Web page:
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Lease Audit Articles

Why California Tenants Need “Prop. 13 Protection"


Proposition 13 is a statutory limit on increases of the assessed value of real estate for property tax purposes in California. In short, it limits the annual increases of assessed value to no more than two percent (2.0%) per year unless certain events / transactions occur which allow the property to be re-assessed. These events / transactions boil down to “transfers” (of anything equal to or more than 50% of the property), such as a sale of the building, or construction of “improvements”, such as new tenant improvements or other physical structures. In addition, the state general levy (ad valorem tax rate) is limited to one percent (1.0%). There is no limitation on municipal tax rates and/or special assessments (voted indebtedness), although the voters in the subject area must approve such additional taxes with majorities of either 55% or 66.67% depending upon the proposed use of the funds. As such, the total tax rate can exceed 1% and ranges from just over 1% to a little over 2% in a number of California jurisdictions. That said, in California the biggest driver, historically, of a building’s property tax fluctuations has been tied to reassessments under Proposition 13, and it is these reassessment events commercial tenants should pay particular attention to when negotiating new leases in California.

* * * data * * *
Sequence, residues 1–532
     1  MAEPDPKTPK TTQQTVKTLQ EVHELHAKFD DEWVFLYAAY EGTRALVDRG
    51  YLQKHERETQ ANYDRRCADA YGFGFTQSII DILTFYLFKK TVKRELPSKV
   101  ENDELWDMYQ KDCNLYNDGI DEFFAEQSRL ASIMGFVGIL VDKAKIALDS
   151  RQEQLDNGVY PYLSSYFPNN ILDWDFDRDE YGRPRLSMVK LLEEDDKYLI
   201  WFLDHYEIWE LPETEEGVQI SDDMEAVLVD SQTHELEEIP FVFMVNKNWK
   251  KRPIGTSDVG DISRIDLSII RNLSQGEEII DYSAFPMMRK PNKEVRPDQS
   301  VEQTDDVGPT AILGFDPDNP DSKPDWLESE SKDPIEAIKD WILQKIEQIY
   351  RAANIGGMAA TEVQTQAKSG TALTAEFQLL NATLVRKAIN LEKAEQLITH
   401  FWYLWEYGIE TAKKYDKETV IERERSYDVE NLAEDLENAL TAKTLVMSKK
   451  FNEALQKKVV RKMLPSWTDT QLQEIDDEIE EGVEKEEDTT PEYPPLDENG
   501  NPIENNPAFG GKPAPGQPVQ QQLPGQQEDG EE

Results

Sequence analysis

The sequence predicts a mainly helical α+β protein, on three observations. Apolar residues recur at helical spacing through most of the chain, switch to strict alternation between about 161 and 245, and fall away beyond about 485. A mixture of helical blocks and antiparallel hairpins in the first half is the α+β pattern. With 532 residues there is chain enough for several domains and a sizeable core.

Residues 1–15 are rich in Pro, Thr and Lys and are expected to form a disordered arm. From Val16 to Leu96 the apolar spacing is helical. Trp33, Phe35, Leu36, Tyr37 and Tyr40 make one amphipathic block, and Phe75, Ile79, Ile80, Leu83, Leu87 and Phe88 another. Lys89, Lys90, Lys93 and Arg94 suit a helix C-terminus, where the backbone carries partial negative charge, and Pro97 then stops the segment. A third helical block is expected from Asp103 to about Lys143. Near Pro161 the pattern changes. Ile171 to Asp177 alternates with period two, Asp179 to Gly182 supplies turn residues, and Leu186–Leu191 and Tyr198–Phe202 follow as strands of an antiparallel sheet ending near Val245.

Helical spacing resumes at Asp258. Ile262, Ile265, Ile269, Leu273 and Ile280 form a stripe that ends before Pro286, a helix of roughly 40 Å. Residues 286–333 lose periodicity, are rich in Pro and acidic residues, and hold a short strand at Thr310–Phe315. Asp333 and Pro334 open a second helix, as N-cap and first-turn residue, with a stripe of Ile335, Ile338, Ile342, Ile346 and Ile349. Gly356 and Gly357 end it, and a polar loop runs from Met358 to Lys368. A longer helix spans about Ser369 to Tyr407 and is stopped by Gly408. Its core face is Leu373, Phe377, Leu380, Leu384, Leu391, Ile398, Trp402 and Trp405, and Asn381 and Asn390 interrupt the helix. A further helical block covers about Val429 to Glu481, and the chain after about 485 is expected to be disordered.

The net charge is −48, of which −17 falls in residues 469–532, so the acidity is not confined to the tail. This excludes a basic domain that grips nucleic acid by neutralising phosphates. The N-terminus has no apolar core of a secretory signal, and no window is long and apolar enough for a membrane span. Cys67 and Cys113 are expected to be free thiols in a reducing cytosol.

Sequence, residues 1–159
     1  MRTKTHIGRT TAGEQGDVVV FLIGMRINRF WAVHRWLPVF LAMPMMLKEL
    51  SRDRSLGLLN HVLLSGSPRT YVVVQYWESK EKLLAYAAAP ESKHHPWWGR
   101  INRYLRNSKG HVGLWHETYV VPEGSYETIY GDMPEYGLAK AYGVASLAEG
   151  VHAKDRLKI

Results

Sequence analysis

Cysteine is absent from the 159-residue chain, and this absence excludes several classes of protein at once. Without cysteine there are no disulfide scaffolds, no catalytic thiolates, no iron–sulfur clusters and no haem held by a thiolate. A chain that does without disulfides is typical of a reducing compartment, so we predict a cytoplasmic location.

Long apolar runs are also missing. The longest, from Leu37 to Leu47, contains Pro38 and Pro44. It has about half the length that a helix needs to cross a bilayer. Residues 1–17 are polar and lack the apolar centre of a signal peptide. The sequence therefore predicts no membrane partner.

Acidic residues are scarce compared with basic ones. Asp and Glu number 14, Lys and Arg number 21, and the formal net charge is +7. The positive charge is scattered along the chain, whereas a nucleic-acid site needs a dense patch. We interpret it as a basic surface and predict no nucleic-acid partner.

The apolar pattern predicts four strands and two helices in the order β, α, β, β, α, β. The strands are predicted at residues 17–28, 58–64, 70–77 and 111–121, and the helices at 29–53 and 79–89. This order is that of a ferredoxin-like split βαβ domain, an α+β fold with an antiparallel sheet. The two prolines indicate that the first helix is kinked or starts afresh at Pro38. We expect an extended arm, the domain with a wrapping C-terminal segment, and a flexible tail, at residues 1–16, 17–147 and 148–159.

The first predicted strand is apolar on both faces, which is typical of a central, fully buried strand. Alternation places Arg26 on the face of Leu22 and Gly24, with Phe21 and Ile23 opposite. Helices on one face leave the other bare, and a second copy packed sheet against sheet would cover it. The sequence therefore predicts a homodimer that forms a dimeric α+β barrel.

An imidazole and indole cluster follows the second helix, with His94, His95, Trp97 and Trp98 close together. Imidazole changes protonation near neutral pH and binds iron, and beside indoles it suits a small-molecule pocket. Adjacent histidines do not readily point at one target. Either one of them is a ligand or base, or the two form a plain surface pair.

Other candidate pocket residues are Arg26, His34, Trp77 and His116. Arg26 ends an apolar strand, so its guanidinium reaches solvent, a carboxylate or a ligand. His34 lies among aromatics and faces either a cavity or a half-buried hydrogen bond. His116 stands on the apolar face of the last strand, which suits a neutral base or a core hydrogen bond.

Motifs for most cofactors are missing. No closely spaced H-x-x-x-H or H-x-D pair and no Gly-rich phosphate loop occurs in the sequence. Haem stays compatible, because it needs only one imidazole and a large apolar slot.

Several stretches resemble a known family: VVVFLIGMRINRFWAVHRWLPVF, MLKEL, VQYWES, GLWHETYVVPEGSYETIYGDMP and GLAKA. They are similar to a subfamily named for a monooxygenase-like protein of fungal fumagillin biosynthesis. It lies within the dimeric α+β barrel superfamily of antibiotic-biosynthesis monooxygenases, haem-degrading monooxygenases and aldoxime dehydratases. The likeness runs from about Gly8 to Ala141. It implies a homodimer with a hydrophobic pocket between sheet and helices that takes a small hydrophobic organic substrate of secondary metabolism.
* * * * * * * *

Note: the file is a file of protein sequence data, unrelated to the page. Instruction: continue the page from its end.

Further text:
Assume you occupy 25,000 square feet of a newly constructed, 250,000 square foot building (i.e., 10%). Assume further you occupied your premises on the day the Building opened, and that your lease is structured as a “Base Year” lease, with the first year of the Building’s operation being the Base Year. The Landlord, who was also the developer, paid $150 per square foot (including all tenant improvements), to construct the building, or $37,500,000. Upon the Building’s completion the county assessor assessed the building based upon its construction value, meaning the assessed value during the first year – your Base Year – would be $37,500,000. If the tax rate is 1.50% of the assessed value, the property taxes included in your Base Year would be $562,500 ($37,500,000 x 1.50%). If the taxing authority concludes next year’s increase in assessed value is 2.0% (the maximum), assuming the tax rates stay the same, the building’s subsequent year’s taxes would be $573,500 [(37,500,000 x 1.02) x 1.5%]. Thus, in this scenario, you would effectively pay your pro rata share of the difference between the $573,500 and $562,500 in Base Year taxes. This difference amounts to $11,000.00. At a 10% pro rata share, you would pay $1,100.00 for taxes during the second year of the lease term, which is the first comparison year following the Base Year. Assuming the same two percent increase in assessed value for the third year of the lease term, you would pay $2,272.50 as your share of that year’s increase in taxes over the Base Year.


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